Here is our interview:

You are very active in getting the word out about the Hindu community in Central Texas through your charitable and interfaith work. What should we know about your faith community?

By and large, the Hindu community of 15,000 to 20,000 in Austin is mostly educated, economically well off and fairly traditional. There are six large places of worship and various cultural and civic organizations that are helping keeping the culture alive. It is said that UT at Austin typically had three to four thousand Hindu students while the Indians in Austin are doctors, lawyers, engineers, IT experts, entrepreneurs, and employed in companies in a professional capacity. The culture and traditions are deep rooted and the ties with India are strong for many. There is a focus on education of the children.

A friend of mine recently dedicated herself to Sanatana Dharma under the teacher Sri Acharyaji. We’ve been talking about her spiritual practice quite a bit lately, and it’s got me wondering about labels. She doesn’t call herself a Hindu or refer to her belief system as Hinduism given the non-Vedic origin of these terms. How do you feel about these labels?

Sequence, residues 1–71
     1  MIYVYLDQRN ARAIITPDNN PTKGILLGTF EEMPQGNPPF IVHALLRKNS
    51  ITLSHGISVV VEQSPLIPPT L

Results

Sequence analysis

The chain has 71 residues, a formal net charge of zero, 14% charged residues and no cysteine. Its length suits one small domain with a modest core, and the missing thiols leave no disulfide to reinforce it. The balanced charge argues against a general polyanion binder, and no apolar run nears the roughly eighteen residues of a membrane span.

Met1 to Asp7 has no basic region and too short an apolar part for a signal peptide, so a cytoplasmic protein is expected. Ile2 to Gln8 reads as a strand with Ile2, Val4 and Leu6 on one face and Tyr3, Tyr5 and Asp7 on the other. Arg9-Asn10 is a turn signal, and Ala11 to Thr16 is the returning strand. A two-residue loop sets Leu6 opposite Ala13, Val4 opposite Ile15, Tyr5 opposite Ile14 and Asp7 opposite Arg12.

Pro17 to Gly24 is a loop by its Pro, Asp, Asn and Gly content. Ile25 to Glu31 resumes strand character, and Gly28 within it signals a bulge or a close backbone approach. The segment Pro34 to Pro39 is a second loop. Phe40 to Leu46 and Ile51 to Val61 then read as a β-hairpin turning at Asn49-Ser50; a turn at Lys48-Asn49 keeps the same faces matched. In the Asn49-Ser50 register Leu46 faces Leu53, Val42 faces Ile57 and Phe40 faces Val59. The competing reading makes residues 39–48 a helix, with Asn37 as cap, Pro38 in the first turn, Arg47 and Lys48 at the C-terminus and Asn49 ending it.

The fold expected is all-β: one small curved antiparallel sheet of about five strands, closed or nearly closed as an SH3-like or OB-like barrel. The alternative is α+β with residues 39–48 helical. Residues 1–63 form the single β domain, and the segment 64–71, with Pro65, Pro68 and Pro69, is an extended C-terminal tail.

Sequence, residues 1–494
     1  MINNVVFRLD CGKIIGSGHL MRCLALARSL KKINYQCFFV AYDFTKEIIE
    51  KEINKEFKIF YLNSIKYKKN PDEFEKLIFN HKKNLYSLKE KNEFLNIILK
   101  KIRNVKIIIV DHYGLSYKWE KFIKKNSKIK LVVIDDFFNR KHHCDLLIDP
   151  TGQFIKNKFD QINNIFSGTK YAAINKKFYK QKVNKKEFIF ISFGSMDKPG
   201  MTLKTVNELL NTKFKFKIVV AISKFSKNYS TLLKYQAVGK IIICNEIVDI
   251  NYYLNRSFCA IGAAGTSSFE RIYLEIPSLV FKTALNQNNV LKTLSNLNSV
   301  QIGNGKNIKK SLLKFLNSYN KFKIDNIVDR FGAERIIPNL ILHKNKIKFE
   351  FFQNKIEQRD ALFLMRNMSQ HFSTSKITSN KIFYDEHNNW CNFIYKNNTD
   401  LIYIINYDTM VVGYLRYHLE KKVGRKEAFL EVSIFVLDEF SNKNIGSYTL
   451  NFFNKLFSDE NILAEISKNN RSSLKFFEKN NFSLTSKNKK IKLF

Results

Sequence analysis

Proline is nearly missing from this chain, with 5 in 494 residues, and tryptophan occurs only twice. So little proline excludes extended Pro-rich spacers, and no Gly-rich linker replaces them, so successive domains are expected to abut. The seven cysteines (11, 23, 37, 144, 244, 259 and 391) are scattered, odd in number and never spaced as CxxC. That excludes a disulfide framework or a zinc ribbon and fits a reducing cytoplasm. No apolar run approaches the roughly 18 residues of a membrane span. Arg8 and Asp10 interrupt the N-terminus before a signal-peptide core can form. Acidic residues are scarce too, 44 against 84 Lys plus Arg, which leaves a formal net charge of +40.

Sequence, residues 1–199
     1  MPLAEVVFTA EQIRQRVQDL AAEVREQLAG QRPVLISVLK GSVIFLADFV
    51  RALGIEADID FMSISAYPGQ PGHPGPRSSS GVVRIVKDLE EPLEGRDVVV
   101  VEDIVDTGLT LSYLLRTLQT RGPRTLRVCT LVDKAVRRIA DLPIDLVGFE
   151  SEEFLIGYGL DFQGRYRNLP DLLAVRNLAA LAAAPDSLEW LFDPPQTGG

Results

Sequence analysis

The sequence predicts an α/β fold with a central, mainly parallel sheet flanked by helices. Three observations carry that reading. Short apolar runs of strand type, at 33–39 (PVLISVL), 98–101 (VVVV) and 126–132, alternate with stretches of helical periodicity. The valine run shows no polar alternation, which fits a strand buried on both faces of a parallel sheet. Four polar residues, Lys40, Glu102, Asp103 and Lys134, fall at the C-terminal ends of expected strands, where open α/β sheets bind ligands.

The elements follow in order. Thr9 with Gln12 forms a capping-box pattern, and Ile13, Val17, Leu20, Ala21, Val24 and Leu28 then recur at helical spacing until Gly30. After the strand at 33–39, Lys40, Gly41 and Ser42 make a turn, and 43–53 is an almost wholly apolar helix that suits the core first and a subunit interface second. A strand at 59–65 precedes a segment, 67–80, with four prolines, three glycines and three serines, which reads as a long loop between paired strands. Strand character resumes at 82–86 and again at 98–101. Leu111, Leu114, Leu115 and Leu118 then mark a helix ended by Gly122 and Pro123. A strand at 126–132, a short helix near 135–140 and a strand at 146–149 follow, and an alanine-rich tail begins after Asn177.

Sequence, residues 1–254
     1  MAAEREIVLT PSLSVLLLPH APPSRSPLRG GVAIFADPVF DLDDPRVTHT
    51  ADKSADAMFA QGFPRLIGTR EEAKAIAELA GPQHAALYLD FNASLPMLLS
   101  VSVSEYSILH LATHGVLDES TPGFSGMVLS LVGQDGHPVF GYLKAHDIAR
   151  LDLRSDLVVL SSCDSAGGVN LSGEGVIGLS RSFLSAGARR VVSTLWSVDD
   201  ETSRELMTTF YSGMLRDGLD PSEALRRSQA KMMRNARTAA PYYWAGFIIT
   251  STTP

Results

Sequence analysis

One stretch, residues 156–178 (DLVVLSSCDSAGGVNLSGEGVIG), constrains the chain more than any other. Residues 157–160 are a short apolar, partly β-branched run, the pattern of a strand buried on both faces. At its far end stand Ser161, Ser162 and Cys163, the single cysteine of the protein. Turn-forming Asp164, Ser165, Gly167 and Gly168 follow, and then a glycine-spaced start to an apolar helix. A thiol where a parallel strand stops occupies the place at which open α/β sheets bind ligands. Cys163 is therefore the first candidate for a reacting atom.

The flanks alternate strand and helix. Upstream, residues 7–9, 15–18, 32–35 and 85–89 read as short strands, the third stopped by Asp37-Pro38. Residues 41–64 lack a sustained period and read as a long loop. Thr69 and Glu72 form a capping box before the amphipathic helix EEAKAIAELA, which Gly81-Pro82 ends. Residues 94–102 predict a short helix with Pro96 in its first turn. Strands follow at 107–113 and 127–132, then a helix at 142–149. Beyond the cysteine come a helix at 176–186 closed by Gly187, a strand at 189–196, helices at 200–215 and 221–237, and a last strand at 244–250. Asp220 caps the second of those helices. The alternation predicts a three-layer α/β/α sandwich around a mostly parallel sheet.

As I understand it, Sanatham Dharma or “the eternal truth” is the oldest religion and not founded by one person. There are four Vedas, the Rig Veda, Sama Veda, Yajur Veda and Atharva Veda. The Vedas are the primary texts of Hinduism. They also had a vast influence on Buddhism, Jainism, and Sikhism. Traditionally the text of the Vedas was coeval with the universe. Scholars have determined that the Rig Veda, the oldest of the four Vedas, was composed about 1500 B.C., and codified about 600 B.C. It is unknown when it was finally committed to writing, but this probably was at some point after 300 B.C.